Politics & Policy

The Consequences of Trump Being Trump

President Trump talks to reporters on Air Force One. (Reuters photo: Jonathan Ernst)
Supporters may shrug off the outrage du jour, but his abnormal presidency undermines his ability to govern.

Nearly two and half years since his political career began, and more than ten months since his inauguration, does anyone really think the latest outrageous thing done or said by President Donald Trump matters anymore? The answer from his core supporters, and even many Republicans who are privately disgusted with the president’s conduct, is clearly no. Even those in the GOP who don’t share the base’s delight with his willingness to be offensive have come to the conclusion that the anger his conduct generates in the press and among his opponents has no real impact on his ability to govern. Far from a liability, they still believe, his slaughtering of sacred cows is an asset.

But after the last few days — in which, once again, Trump stepped on his message and distracted the public from the progress made toward passage of a tax-reform bill, from and anything else the administration cares about, with statements and tweets that made headlines — it’s time to question those assumptions. The future of Trump’s presidency may not hinge solely on reactions to his calling Senator Elizabeth Warren “Pocahontas” at a ceremony honoring Native American war heroes, or on his reported statements questioning the authenticity of the embarrassing Access Hollywood tape, for which he had already apologized. Nor will his shocking retweets of anti-Muslim videos posted by a British extremist leader by itself destroy the alliances necessary for American foreign policy to succeed.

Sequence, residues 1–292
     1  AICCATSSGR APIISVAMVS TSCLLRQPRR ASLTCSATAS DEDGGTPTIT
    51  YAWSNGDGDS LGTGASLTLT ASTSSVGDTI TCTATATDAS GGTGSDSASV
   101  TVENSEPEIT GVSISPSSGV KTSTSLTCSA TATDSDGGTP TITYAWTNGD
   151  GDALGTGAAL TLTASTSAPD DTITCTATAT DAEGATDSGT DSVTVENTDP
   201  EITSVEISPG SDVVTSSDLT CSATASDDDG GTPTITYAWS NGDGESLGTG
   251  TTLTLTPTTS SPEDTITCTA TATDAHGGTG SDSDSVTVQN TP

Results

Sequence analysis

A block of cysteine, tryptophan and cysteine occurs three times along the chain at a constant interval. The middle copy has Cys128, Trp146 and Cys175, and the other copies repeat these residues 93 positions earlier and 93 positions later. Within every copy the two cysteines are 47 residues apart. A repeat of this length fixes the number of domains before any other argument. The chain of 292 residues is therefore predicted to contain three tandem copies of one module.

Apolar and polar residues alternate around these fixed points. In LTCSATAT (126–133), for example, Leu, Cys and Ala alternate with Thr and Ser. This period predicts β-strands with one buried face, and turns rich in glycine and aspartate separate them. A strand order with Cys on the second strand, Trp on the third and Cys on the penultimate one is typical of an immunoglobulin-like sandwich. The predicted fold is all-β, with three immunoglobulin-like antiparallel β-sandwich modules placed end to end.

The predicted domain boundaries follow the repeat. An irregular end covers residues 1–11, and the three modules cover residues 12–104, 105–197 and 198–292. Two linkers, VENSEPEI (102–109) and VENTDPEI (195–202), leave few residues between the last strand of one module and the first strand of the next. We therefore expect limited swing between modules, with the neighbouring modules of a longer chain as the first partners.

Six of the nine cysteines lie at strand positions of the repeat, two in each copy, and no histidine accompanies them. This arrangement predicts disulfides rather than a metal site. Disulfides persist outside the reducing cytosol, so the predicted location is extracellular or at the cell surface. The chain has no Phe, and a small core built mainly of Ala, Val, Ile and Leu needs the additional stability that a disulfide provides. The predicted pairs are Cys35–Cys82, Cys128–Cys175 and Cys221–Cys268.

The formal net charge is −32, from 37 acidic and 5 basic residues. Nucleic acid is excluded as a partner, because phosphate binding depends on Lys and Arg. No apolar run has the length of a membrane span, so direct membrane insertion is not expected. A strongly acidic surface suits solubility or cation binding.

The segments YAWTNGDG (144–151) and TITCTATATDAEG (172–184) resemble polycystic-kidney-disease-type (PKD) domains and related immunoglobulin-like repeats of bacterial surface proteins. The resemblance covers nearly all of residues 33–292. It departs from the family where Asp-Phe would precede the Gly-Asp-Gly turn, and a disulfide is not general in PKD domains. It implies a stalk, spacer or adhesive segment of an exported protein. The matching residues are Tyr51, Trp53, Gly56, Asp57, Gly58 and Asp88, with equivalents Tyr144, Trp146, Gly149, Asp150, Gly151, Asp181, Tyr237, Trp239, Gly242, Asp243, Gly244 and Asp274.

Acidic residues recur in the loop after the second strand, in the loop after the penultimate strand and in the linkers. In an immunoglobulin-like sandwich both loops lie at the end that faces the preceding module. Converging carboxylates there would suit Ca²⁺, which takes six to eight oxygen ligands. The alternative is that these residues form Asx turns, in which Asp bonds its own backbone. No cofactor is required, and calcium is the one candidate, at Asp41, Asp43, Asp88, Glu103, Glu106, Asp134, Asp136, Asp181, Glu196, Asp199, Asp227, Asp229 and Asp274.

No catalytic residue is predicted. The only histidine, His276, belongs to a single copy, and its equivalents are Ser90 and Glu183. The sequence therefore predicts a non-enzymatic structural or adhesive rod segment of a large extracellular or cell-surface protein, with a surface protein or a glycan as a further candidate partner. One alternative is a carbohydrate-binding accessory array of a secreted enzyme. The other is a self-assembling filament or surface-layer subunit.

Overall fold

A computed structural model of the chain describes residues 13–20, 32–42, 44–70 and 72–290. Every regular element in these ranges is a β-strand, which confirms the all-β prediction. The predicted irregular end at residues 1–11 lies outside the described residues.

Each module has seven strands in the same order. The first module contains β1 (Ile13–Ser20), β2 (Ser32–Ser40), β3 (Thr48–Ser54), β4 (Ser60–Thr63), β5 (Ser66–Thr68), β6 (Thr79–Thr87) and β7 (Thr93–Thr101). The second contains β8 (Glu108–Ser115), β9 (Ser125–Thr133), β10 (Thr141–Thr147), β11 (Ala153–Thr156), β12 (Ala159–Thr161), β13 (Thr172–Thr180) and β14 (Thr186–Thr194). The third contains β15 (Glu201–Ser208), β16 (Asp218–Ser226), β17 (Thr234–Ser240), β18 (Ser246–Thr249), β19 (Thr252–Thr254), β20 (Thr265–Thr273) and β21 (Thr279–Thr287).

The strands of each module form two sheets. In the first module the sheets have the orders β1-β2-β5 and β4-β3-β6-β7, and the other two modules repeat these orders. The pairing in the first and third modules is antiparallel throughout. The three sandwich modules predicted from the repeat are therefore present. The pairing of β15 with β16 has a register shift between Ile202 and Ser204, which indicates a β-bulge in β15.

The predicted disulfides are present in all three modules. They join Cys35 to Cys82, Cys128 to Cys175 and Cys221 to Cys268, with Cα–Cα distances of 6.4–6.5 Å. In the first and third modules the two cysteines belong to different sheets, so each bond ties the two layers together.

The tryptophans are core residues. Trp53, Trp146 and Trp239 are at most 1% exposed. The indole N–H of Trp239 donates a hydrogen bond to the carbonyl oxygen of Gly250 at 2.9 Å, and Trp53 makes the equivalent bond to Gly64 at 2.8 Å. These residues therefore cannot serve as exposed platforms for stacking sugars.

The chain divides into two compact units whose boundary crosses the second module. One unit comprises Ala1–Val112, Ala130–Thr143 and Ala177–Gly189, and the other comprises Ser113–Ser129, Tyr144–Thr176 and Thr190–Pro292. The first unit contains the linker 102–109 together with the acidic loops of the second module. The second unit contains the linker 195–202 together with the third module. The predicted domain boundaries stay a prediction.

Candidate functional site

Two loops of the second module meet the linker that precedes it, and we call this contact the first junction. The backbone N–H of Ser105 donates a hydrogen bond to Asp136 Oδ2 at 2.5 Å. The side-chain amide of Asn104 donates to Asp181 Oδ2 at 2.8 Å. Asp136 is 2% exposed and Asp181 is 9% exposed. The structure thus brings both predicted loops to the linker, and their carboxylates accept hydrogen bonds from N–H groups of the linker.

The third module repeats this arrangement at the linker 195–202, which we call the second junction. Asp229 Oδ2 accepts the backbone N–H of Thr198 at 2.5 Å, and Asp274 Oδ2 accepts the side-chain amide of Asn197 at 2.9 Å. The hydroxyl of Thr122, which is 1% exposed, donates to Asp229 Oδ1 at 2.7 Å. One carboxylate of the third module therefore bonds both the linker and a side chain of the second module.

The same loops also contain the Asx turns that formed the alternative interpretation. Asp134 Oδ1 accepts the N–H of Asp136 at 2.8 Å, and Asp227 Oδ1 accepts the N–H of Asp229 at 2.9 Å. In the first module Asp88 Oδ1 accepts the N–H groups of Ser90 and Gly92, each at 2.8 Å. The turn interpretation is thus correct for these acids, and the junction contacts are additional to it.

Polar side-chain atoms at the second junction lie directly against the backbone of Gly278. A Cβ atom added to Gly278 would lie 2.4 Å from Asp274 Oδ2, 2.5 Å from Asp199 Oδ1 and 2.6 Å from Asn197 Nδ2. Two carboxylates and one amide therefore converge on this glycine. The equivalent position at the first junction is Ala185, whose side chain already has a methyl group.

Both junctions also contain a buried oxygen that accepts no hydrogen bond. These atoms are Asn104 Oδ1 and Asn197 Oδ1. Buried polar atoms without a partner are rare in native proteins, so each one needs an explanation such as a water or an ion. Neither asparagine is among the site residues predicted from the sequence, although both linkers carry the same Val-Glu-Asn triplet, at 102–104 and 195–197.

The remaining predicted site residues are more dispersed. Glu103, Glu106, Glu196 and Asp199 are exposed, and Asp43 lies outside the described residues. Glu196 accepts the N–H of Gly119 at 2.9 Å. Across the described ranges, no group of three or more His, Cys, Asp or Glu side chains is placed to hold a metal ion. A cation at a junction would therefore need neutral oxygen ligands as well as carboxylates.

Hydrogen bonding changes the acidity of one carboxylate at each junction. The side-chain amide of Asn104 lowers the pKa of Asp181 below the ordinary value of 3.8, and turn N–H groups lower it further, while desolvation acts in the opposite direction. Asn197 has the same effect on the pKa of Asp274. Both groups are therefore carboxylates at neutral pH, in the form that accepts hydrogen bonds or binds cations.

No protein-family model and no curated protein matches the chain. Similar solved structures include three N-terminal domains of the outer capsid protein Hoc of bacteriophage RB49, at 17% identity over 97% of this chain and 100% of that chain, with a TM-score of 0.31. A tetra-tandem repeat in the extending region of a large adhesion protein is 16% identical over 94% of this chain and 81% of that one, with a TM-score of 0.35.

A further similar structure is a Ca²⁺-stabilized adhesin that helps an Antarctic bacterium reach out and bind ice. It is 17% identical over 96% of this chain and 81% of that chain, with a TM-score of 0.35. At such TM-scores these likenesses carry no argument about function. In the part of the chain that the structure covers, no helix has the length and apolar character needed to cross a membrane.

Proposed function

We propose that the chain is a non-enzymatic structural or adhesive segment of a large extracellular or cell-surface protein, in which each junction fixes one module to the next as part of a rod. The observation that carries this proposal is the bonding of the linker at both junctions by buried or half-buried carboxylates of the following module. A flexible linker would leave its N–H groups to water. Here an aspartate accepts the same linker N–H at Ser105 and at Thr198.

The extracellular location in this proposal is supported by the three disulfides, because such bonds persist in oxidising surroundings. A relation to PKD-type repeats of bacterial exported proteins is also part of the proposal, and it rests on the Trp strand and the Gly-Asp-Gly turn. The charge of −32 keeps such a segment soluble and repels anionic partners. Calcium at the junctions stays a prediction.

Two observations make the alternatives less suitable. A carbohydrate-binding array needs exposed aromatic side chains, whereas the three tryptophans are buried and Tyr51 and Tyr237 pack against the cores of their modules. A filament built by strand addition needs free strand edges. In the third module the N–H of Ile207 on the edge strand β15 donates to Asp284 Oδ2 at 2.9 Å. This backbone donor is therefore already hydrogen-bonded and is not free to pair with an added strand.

Yet the notion that the cumulative weight of these and a host of other outrages can have no political consequences is an act of faith on the part of Trump loyalists, not a sober assessment of the damage he is doing to himself and to Republicans’ hopes that their control of both ends of Pennsylvania Avenue can last beyond 2018. Far from merely generating political noise with no impact on policy, Trump’s inability to stay on message or avoid improper behavior is gradually having the effect of limiting his support to the approximately one-third of the public that are his true believers.

The argument that nothing Trump does can damage him is backed up by the results of the 2016 campaign. Gaffes and scandals that would have destroyed a normal candidate did not prevent him from prevailing. The more he stepped outside the boundaries that constrain conventional politicians, the better his fans liked him, because this reinforced his status as an outsider determined to overthrow the establishment. Other Republicans concluded, not unreasonably, that defeating Hillary Clinton and potentially achieving conservative policy objectives was more important than their scruples about his conduct.

That formula still holds today as, despite opinion polls showing Trump stuck below 40 percent in approval ratings, the overwhelming majority of Republican voters are still behind him. Many are unmoved by incidents such as the ill-timed “Pocahontas” crack or even the anti-Muslim retweets, because they see the anger over these incidents as an expression of either political correctness or a desire on the part of the media and the Left to silence worries about Islamist extremism.

Trump’s achievements — though meager by the standard of legislation passed by most of his predecessors in their first year in office — are also more than enough to cause most in the GOP to treat the president’s faults as an acceptable price to pay for putting Neil Gorsuch on the Supreme Court, along with the reversal of many Obama policies and victory over ISIS.

But while Trump’s avid supporters and reluctant allies are right to think that those who live inside the conservative-media cocoon will never be persuaded to abandon the president no matter what he does, they are wrong if they think the narrative of dysfunction and immaturity that has been created by his Twitter account isn’t doing damage to GOP prospects.